"A masterpiece." — Walter Allen
A moral fable about the narrow and starved existence that results from self-sacrifice, this novel traces a Victorian woman's suffocating and stunted life. More than a case history of an underdeveloped individual who chooses loyalty to a friendship over the lure of romance, the story criticizes the values of nineteenth-century middle-class society and the destructiveness that lurks beneath the façade of good manners.
Less well known today than her contemporaries Virginia Woolf and Rebecca West, May Sinclair (1863-1946) was considered England's most distinguished female novelist in the years preceding World War I. Her other works include short stories, philosophical texts, a biography of the Brontë sisters, and several poetry collections. Combining stream of consciousness with a traditional narrative, Life and Death of Harriett Frean reflects its author's mastery of modernist techniques.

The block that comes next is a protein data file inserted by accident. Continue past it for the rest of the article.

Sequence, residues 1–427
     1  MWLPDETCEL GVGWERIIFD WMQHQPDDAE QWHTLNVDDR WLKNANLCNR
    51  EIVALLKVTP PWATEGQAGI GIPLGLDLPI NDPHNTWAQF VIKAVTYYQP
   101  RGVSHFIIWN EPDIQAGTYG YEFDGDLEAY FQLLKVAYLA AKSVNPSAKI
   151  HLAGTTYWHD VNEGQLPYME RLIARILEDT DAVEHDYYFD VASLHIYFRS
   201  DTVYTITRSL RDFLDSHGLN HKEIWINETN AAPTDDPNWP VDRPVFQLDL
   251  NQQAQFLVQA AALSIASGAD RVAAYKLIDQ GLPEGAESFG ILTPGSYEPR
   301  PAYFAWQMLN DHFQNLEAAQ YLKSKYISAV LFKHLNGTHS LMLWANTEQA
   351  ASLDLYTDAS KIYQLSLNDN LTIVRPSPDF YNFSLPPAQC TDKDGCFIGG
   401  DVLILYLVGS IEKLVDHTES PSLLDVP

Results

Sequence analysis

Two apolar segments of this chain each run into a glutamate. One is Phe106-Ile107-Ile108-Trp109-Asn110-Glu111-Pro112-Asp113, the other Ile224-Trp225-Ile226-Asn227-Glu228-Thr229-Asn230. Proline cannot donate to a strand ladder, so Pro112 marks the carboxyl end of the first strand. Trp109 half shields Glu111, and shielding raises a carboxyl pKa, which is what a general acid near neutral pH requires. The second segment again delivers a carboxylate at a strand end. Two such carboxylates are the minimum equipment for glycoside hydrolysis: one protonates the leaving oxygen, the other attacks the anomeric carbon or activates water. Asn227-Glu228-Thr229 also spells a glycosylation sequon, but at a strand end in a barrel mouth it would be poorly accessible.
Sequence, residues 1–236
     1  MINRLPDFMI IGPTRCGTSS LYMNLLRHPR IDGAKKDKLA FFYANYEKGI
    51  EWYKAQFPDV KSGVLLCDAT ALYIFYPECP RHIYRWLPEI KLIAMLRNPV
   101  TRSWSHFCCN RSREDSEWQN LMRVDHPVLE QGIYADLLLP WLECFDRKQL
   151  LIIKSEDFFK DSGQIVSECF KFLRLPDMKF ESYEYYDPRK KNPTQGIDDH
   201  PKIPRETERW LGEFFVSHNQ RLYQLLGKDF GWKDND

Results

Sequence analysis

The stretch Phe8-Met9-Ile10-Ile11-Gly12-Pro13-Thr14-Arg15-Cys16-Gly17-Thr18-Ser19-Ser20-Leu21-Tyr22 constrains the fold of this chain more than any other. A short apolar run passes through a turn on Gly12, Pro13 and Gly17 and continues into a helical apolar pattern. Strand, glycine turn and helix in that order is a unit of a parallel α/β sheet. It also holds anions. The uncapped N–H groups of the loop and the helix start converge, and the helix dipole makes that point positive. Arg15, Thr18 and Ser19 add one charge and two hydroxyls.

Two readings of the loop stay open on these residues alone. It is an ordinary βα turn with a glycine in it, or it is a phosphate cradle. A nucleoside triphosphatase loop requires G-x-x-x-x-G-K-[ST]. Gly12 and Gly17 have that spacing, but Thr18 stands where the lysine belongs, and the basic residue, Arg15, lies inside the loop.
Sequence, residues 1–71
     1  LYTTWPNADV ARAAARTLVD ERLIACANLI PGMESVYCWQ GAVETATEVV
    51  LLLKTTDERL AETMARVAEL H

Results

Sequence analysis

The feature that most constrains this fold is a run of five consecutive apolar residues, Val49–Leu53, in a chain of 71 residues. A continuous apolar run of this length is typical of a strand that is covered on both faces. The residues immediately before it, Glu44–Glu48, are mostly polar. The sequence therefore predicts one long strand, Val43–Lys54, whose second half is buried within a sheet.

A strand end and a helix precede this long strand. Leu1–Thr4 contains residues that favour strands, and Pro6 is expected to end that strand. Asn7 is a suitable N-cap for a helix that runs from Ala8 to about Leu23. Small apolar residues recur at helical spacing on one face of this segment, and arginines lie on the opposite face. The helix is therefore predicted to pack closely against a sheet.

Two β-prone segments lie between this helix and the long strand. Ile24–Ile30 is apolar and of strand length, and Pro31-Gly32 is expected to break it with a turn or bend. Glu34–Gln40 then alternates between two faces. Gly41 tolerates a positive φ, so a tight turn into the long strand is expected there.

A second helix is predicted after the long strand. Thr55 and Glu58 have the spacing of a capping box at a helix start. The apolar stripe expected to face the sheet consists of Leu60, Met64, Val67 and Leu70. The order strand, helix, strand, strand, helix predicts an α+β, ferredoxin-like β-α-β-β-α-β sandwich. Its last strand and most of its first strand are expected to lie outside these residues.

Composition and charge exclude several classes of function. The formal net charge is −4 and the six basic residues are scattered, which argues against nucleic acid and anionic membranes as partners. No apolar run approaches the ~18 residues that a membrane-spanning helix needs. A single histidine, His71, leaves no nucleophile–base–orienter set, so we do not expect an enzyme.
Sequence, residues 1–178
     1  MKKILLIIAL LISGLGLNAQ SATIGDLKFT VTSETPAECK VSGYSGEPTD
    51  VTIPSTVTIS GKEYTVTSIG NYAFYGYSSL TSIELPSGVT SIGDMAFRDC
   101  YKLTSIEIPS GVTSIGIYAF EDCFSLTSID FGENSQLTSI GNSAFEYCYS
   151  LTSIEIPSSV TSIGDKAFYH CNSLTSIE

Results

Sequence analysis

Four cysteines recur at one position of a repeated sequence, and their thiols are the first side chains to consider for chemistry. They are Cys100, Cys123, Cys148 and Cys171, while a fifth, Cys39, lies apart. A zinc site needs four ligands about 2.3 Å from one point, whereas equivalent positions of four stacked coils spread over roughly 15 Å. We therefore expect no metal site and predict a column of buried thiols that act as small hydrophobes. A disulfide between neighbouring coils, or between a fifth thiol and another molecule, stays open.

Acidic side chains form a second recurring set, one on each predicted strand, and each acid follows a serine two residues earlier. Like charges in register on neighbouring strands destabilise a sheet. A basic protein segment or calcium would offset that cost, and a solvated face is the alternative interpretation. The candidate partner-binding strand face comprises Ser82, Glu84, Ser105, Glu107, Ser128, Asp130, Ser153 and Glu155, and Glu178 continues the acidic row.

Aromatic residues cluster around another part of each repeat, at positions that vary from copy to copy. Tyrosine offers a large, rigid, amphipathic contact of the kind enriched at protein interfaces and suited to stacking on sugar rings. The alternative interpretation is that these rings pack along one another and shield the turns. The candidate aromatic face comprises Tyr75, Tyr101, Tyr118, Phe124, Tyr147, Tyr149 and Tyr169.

"This small, perfect gem of a book ... looks unsparingly at the moral degeneration of one woman as her heart hardens into a protective bitterness." — Jonathan Coe